This award, presented by Bell, salutes excellence in management and leadership and is given to an individual for long and significant service to the international helicopter community. It will be presented on 29 January at HAI’s Salute to Excellence Awards luncheon at HAI HELI-EXPO 2020 in Anaheim, California.
Wiltrout has flown helicopters around the world during a 50-plus year career in aviation. He first flew for the US Army, transporting troops in and out of battle in Vietnam in 1968–69. Afterward, he served as a flight instructor at Fort Rucker, Alabama.
After being honorably discharged from the army in 1971 having flown 2,000 accident-free hours, Wiltrout moved to Alaska and began flying firefighting missions, followed by assisting with the construction of the Trans-Alaska Pipeline System. While living and working in the state, Wiltrout also conducted search-and-rescue missions, aircraft accident investigations, seismographic work, and power-line construction.
In 1999, Wiltrout became chief pilot for Salmon River Helicopters in Riggins, Idaho, where he worked 20 years before recently retiring. During his career with many different companies, he flew more than 26,500 flight hours in helicopters, more than 20,000 of them while conducting longline, external-load missions.
Wiltrout flew multiple models of helicopters during his career: the Bell 47; the Bell UH-1A/B/C/F/H models; the Bell 206A/B models; the Bell 204, 212, and 214B models; the Fairchild Hiller FH-1100; the Aérospatiale Alouette III and Lama; the Hiller Soloy UH12-E; and the Sikorsky S-61 and S-64E/F models.
Wiltrout contributed to a variety of projects worldwide during his distinguished career, including:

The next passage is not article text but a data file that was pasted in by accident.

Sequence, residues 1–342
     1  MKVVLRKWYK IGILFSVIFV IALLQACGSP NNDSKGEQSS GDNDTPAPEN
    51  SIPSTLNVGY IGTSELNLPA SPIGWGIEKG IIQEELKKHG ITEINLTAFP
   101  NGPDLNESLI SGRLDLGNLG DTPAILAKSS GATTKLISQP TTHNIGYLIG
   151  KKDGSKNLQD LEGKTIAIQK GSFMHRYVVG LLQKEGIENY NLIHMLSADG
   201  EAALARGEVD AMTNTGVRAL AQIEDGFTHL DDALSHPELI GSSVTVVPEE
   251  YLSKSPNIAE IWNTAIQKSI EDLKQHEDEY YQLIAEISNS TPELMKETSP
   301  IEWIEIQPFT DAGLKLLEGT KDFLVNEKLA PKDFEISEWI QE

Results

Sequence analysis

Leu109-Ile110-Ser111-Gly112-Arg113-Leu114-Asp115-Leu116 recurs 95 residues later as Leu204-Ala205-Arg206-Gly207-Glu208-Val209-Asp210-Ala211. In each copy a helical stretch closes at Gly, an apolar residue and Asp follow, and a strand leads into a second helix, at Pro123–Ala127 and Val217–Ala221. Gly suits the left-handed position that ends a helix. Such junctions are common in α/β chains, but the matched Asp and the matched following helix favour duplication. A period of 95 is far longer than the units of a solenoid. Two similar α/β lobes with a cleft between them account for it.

• TransAlaska pipeline construction, Alaska, 1971
• Lewiston-grade power-line crossing, Idaho, 1972
• Terror Lake Hydroelectric Project, Alaska, 1984–85
• Cranberry bog sanding, Oregon, the 1980s
• Training New Zealand pilots to log, Malaysia, 1993
• Rocky Mountain National Park rehab project, Colorado, 1993
• New Carissa wreck disaster assistance, Oregon, 1999
• Power-line work, Costa Rica, 2001
• Ferry flights across Brazil, the Amazon rain forest, and the Caribbean to the United States, 2008
• Ferry flights across Asia from Afghanistan to Australia, 2011
• Night-vision googles training and preparation, Port Alberni, BC, Canada, 2012
• Offshore flare-tip replacement projects, Australia, 2013, 2014, 2016.
Whatever the project or mission, Wiltrout is always ready to help, teach, and share his experiences, as is reflected in his personal motto, “We were all new once, so be kind, helpful, and understanding.” He never hesitates to share his techniques and skills with others.
Today, Wiltrout remains a mentor to many, especially new pilots. Many of the pilots he’s coached are operating safely and competently today because of his selflessness. In early 2018, Wiltrout made another generous gesture when he donated a kidney on behalf of a friend’s husband.
Wiltrout has survived three aircraft accidents—including two catastrophic engine failures—and the death of his pilot brother Timothy Wiltrout in 1990. In each case, with his family’s support, he has persevered and continued working in the industry.
Those who have worked with Wiltrout cite his many admirable qualities. “His contributions to this industry are endless, and many who have worked with him will miss his extreme professionalism, positive attitude, integrity, humble spirit, and wealth of helicopter knowledge,” says Cindy Carlson, President, Salmon River Helicopters. “He’s given back to our industry many times over.”